Saturday 10 February 2007

“Child Genius”, Channel 4, 9pm Thursday 8th Feb 2007

This programme plans to follow ten unusually “gifted” kids through their childhoods and beyond, in a format derivative of the 7-Up study begun by Michael Apted in 1964. Since Robert Winston’s “Child of Our Time” began in 2000 with a new group of children, another series with such a similar format must have needed some kind of freakshow-factor to justify its existence. And which parents of unusual children would be most eager to get them on telly for being as weird as possible? It seems the pushy parents of “gifted” children think that a TV appearance can do them nothing but good.

To be fair, there are occasional interviews with two or three parents who consistently talk about their kids as though they are kids, rather than competition-winning machines. But they’re few and far between in this hour-and-a-half long installment, which almost entirely focusses on how unlike other children their offspring are.

So, a bunch of kids with posh accents (presumably there are no “gifted” children ever born on council estates) go around passing exams, using precocious language and reacting in various ways to the “genius” label that is the sole reason they’re supposed to be interesting. The programme doesn’t challenge this, but simply puts them all through another I.Q. test to confirm their genius and shows them doing the freaky things that genius kids do. There’s no real attempt to assess their social skills or self-esteem, and many of them are treated as mini adults and made to work every waking moment, lest they dare waste any of the precious gifts that they’re supposed to count themselves lucky to have.

The Distinctly-Odd family have five “gifted” children, and traditionally reward each child when they pass the Eleven Plus with piles of gifts and a party, saying “It’s more important than a birthday for us.” Everything has been prepared in advance before the letter is opened which will tell them the exam result, and the pressure on the youngest child when he comes to take his Eleven Plus will be staggering.

Physically isolated and socially unpopular, all the Distinctly-Odd children come across as stiff, formal and cringe-makingly polite at all times, with no sign at all of the horseplay or arguing that is surely the whole point of having brothers and sisters. Since they’re all far too odd for social workers to know what to do with, serious cracks will probably only show when either the youngest turns out not to be “gifted” after all and resorts to getting parental attention by burning the house down with them all still in it, or when the eldest finally flees the nest and discovers casual sex and class A drugs.

Many of the parents have had trouble finding suitable education for their children – not surprising if they really think it necessary for their six-year-old to learn Avogadro’s Law of gaseous molecules. But of course the official curriculum is probably the least important aspect of school life, especially for those who can already read, write and add up. What kids really learn at school is how to manipulate the system, how to make friends and keep them, the finer points of popular culture and the complex code of playground ethics that begin to form our understanding of ourselves as social beings in a wider context than that of our own family. And these kids need to learn this stuff far more than most.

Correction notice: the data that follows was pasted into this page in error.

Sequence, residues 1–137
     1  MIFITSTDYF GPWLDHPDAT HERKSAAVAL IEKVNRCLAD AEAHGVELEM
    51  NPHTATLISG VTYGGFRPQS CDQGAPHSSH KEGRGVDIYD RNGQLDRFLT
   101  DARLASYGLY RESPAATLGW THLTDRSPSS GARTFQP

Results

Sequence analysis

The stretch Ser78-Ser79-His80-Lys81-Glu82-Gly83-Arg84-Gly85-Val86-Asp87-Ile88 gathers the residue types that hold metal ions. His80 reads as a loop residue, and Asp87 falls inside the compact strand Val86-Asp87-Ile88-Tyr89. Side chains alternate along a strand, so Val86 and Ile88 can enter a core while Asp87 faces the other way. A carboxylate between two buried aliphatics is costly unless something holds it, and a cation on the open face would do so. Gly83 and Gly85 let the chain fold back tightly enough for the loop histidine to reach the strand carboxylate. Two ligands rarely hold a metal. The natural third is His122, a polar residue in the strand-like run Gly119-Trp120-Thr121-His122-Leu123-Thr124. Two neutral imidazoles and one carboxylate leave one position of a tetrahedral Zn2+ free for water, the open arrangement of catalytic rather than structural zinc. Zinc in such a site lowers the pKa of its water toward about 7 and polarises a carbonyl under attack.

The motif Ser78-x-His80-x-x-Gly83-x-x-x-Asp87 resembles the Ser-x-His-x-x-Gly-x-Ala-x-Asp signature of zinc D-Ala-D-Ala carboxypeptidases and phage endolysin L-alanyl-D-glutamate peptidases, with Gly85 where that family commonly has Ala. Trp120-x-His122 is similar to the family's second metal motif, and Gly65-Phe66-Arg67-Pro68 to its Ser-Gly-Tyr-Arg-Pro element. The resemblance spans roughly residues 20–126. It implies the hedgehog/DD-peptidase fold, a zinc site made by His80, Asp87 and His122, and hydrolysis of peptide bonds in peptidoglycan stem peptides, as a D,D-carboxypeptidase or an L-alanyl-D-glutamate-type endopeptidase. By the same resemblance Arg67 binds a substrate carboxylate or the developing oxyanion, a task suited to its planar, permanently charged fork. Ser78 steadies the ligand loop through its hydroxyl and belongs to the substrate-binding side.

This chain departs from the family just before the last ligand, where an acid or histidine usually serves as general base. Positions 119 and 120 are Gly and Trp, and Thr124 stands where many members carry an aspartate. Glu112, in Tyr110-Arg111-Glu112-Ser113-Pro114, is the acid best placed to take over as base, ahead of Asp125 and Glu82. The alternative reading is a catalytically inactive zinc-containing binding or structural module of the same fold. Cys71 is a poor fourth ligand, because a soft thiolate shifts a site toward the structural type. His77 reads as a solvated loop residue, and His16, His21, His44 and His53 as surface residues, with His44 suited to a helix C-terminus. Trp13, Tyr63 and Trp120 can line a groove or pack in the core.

If Little Miss Distinctly-Odd acheives her apparently burning ambition to become a doctor, she will be bored witless after ten minutes of interaction with her non-genius patients. Along with having to spend hours explaining food groups to fat people and expanding her vocabulary of euphemisms for diarrhoea, she’ll be socialising with collegues from one of the most stressed and alcohol addicted professions in the country. Most jobs, even those requiring the greatest qualifications, so rarely require intelligent thought that only creativity and social skills get most of us through the day. And ten ‘A’ Levels will not make anyone but your pushy parents love you, much less remove the experience of failure from your life, for which these kids are shockingly unprepared.

The fact that they agreed to take part in the programme only shows that, however intelligent, these kids are still kids and lack the ability or judgement to resist their parents’ labelling and advertising of them as freaks. From the first programme in the series my guess is that all concerned have been set up to provide us with car-crash T.V., as the mental health of these unusually articulate children deteriorates over the coming years. How many will be smart enough to opt out of taking part before the end of the project remains to be seen.


Anonymous said...

I have serious concerns regarding one of the children in this program. As he said himself its so hard to live up to being a gifted child as you are expected to be perfect in everything you do. When do they get to relax from the stress of trying to be the perfect person.
As for the family with 4 children, no wonder people shy away from them. I could not imagine how boring their household must be with 4 little geniuses around. When do they play if ever? Is their Mum blind to the fact that they could grow up to be doctors or whatever in thier own time without her controlling their every waking moment with working at being a genius ? Stop pushing so much and let the children stop to smell the roses sometimes. Let them be what they are first and foremost A CHILD .

Anonymous said...

I watched this programme with alot of interest but was actually quite disturbed by how strange some of the children were-particularly the family of four gifted children.Their mother in particular was very odd and it made me very grateful for having three children within the normal range if intelligence.